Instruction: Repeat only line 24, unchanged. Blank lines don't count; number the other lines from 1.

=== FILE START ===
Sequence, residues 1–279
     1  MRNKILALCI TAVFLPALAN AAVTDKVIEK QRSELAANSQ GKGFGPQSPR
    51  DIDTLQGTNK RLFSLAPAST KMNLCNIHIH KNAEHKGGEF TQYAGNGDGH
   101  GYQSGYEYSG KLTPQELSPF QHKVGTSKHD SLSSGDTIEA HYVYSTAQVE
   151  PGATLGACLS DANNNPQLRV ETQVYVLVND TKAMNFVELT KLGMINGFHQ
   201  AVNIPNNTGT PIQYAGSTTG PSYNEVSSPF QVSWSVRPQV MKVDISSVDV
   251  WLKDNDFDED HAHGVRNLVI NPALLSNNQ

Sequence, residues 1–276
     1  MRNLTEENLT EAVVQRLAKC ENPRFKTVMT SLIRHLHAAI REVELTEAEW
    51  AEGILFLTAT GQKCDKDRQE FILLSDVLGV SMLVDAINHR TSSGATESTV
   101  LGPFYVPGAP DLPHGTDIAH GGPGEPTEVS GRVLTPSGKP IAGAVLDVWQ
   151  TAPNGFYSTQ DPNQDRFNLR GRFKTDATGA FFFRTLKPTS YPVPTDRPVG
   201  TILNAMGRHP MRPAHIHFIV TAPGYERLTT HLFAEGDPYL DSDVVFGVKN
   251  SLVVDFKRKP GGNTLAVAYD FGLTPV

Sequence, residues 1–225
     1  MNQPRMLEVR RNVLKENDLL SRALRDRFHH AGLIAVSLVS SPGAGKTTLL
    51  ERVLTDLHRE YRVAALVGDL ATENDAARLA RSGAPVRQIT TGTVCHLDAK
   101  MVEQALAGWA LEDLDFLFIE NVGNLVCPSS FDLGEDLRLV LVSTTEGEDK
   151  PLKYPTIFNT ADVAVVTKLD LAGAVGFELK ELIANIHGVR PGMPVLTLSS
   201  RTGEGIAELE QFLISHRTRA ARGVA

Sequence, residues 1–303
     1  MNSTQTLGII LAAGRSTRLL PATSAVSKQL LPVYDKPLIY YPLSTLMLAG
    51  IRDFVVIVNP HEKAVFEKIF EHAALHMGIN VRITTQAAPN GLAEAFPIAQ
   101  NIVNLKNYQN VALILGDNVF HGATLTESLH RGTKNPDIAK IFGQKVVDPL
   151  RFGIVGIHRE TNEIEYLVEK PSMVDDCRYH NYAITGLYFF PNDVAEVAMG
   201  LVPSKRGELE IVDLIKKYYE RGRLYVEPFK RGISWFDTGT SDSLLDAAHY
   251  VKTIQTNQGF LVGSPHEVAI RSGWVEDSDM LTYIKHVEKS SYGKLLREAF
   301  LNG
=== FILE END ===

   101  NIVNLKNYQN VALILGDNVF HGATLTESLH RGTKNPDIAK IFGQKVVDPL